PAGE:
Environment, Food & Sustainability

No set of issues is more vital today than climate change and access to clean water, healthy foods and fertile land. Nature in all of its bounty is being sequestered at an unprecedented rate, creating life-threatening borders between greed and need. What does a just and sustainable future look like?

A Revolution of Ideas: Economic Democracy and Jackson Mayor Chokwe Lumumba’s Legacy One Year Later

By Dara Cooper, Contributing Editor, Environment, Food, and Sustainability

“If you don’t love the people, sooner or later you will betray the people.”


“I will say again….We’re about to have a revolution here. A revolution of ideas. We’re about to have new ideas. Good ideas…something that’s going to change the situation for us. We should never be afraid of new ideas. Of good ideas.”


“We have a choice to make. To create an economy for the people, by the people. Or to continue with an economy for the few, for the benefit of themselves.”

-Mayor Chokwe Lumumba


Just over a year ago last February 2014, the world lost an incredible activist, organizer, father, and mentor—Jackson, Mississippi Mayor Chokwe Lumumba who came to be known as “America’s revolutionary mayor”—due to a very sudden death. Although we gained Baba Chokwe as an ancestor,   after only seven months in office, the loss of Mayor Lumumba came as a sudden blow to activists, dreamers and loved ones all over the country. The significance of his revolutionary work, and most notably his term in office, was and will be forever remembered. With scant resources, a radical agenda and revolutionary heart, his candidacy appeared to be a tremendous long shot to most. A strong grassroots strategy that mobilized the masses proved that the power of the people is more than an ideology. The election of Mayor Lumumba was a real life example of the true power of democratic processes and the viability of a radical agenda. (more…)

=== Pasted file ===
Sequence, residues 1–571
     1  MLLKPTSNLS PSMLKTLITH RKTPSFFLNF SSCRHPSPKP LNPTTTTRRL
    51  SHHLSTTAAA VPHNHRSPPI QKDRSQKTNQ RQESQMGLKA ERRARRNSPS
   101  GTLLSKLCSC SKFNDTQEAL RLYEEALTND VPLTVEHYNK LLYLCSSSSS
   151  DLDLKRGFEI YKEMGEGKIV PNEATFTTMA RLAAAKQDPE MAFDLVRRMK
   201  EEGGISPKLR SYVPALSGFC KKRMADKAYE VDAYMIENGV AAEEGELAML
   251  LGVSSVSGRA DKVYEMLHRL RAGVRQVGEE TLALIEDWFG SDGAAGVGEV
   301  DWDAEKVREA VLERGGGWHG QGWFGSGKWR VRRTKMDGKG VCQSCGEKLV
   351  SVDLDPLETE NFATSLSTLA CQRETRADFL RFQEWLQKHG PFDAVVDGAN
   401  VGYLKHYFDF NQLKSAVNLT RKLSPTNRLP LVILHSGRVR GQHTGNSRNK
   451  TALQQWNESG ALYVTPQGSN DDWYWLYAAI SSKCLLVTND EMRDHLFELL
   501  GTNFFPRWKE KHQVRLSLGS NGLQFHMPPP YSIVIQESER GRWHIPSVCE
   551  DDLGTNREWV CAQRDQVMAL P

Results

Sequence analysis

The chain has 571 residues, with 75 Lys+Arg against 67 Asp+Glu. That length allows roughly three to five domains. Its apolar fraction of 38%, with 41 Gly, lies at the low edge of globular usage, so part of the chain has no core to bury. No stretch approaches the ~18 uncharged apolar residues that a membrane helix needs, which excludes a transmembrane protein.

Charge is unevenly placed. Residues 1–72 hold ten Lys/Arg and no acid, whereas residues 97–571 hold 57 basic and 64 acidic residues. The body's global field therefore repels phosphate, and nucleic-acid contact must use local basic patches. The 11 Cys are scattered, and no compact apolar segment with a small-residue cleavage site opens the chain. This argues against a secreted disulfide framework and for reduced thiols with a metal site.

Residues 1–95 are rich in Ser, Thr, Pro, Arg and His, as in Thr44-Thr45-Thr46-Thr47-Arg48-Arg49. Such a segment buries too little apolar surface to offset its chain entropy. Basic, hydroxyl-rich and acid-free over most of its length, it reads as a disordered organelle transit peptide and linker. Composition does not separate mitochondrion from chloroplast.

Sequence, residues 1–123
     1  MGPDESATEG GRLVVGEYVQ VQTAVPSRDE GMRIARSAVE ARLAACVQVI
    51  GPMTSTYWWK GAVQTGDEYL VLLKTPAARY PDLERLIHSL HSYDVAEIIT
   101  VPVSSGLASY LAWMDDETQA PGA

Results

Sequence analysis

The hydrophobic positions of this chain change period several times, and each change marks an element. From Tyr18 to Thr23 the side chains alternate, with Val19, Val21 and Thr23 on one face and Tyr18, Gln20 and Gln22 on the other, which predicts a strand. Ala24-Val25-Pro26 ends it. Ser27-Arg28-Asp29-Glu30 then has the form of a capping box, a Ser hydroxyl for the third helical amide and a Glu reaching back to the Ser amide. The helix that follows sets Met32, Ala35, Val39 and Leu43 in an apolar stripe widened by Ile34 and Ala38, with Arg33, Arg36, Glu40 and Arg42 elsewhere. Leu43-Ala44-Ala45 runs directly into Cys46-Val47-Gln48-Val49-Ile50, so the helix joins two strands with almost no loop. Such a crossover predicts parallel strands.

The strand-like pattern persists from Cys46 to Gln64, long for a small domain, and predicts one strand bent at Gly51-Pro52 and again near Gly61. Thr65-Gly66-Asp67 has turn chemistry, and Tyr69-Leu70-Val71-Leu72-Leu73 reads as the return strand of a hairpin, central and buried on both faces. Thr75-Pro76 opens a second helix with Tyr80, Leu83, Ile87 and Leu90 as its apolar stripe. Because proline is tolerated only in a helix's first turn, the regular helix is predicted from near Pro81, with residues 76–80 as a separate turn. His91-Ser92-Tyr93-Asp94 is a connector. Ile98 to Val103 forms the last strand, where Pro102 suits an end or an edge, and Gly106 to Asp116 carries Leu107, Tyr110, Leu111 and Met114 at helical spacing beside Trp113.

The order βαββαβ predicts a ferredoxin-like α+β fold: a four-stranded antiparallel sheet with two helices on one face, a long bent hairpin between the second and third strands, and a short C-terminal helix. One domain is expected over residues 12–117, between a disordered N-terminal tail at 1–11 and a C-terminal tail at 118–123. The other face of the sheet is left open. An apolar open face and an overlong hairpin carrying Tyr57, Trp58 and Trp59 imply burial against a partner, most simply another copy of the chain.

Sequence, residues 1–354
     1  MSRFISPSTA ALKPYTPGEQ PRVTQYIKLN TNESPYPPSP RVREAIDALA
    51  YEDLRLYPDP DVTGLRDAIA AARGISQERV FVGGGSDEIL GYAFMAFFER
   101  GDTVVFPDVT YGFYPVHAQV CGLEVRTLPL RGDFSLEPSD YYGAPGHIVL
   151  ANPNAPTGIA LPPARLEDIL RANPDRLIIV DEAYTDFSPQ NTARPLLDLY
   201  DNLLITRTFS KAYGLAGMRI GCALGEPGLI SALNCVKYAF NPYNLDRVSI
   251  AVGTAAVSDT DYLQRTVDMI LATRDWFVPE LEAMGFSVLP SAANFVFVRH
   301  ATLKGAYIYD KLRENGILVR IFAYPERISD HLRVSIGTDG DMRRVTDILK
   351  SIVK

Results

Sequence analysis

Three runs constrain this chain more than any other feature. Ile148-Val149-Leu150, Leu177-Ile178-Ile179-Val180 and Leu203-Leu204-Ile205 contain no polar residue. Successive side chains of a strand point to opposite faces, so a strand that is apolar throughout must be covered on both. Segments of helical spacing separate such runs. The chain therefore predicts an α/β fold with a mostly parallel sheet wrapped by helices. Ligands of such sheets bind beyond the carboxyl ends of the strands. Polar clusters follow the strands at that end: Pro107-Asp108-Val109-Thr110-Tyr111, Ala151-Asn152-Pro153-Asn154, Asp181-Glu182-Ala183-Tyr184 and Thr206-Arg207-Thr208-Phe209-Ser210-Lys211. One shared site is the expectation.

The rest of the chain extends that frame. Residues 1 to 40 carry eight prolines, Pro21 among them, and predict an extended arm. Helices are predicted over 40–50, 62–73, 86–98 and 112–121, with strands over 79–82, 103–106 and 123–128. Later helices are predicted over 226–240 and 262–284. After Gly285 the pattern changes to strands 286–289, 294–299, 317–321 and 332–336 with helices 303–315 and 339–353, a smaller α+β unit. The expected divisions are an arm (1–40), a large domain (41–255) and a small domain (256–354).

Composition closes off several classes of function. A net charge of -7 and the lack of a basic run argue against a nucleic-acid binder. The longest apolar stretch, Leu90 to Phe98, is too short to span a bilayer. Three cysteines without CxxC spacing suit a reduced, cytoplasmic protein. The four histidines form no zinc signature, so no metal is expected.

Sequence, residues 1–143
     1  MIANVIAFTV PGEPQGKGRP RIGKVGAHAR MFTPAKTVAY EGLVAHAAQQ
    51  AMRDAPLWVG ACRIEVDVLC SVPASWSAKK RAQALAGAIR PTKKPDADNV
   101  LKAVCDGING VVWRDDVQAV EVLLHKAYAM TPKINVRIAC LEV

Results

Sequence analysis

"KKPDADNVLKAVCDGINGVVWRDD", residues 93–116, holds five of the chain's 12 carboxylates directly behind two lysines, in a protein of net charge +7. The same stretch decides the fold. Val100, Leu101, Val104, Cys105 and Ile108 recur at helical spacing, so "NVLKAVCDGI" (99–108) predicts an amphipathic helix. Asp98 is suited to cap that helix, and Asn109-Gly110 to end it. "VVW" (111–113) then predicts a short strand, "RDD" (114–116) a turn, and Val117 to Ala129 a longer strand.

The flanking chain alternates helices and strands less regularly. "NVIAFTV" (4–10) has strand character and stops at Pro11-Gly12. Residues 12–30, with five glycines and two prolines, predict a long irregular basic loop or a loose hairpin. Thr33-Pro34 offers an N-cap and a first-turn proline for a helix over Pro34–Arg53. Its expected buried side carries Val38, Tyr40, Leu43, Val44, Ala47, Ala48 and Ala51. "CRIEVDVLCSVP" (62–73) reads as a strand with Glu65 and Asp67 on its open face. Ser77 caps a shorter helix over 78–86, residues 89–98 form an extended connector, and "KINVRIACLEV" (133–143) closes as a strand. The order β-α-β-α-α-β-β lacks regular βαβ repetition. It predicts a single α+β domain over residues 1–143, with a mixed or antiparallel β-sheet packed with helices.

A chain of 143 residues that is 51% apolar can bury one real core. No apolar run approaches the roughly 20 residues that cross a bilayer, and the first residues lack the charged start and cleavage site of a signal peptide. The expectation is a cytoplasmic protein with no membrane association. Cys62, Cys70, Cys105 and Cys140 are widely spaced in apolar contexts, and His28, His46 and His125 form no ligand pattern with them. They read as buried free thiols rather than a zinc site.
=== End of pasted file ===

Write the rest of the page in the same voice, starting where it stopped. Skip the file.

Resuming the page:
Jackson, Mississippi is Rising: An Interview with Organizer Kali Akuno on Sustainability, Race, Class and Solidarity Economics

By Dara Cooper, Contributing Editor, Environment, Food, & Sustainability Contributing Editor’s Note: “Doing alternative economics was dangerous. Especially in the south, you could get lynched, your stuff could get burned. Why? Because you were being either too uppity by trying … Continue reading

Standing Our Ground

By Regina Stevens-Truss, Contributing Editor, Science and Social Justice When did we lose our humanity and accept circumstances in which we are allowed to say, “I have a right to be here and to prove that I’m going to shoot … Continue reading

Sustainable Justice for 2014

By Dara Cooper Western notions of time and calendars aside (I also celebrate the Ethiopian New Year in September), I am reflecting on social justice, freedom struggles and what I hope we are able to accomplish in struggle this year.  … Continue reading